Introduction Non-alcoholic fatty liver disease (NAFLD) is the commonest cause of referral to liver clinics, and accounts for around 11% of new patients. Despite this little is known of the typical pattern of liver biochemical abnormalities in this group. Many algorithms primarily use transaminases as their primary biochemical analyte. The aim of this project was to clarify common patterns and to determine their clinical significance.
Method This was a single-centre, retrospective database study of all patients referred to a specialist NAFLD clinic between May 2006 and May 2009. Patients with any co-existing cause of liver disease, a history of excess alcohol or HOMA less than three were excluded from subsequent data analysis. For the 143 patients who remained a database search for contemporaneous blood results and clinical history was performed.
Results Mean age at the time of referral was 55.8 years (SD 15.9). M/F=1:1.04. 54% were diabetic; 62% had hyperlipidaemia and 58% had a history of hypertension. 23 (16%) were deemed to be cirrhotic in the initial series of investigations. In this cohort elevated GGT was the commonest biochemical abnormality, present in 76.2% of referrals. GGT was elevated above 100 U/L in 38.5% of patients. In contrast, elevated ALT (>50U/L) was present in 58.0% of referrals; and was above 100U/L in 10.5%. Mixed ALT and GGT abnormalities were the commonest pattern of LFT abnormalities, present in 46.9%. A cholestatic pattern (here defined as an abnormal GGT but normal ALT) was present in 30.1% of referrals; elevated transaminases as an isolated abnormality were present in only 11.9% of referrals. On univariate analysis the only factors associated with elevated GGT was female gender (p=0.009) and the presence of cirrhosis (p=0.003). GGT >100 was associated with cirrhosis and increasing age on univariate analysis, however on multivariate analysis only the presence of cirrhosis remained statistically significant (p=0.005). Elevated ALT had no such association with cirrhosis and was negatively associated with the presence of diabetes and increasing age.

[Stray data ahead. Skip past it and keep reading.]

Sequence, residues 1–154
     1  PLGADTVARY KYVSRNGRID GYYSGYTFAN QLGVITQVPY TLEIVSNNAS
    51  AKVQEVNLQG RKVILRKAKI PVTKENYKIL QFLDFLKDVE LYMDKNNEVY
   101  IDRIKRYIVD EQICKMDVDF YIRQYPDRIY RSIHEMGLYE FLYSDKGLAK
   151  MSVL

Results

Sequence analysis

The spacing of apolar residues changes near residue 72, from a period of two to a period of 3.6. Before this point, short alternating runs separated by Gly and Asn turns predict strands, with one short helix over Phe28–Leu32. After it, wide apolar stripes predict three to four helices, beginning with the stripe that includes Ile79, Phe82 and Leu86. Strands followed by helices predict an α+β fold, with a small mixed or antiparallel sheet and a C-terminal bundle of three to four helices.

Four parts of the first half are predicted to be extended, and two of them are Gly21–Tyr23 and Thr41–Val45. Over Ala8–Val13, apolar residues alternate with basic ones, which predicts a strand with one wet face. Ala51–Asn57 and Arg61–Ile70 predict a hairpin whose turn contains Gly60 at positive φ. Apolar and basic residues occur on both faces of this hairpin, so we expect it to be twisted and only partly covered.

Conclusion To date emphasis has been placed on serum transaminases in screening for NAFLD. However, in our cohort an elevated GGT was the commonest biochemical abnormality and, unlike transaminases, this was associated with the presence of cirrhosis. Biochemical profiles that omit GGT will be inadequate in screening for NAFLD.
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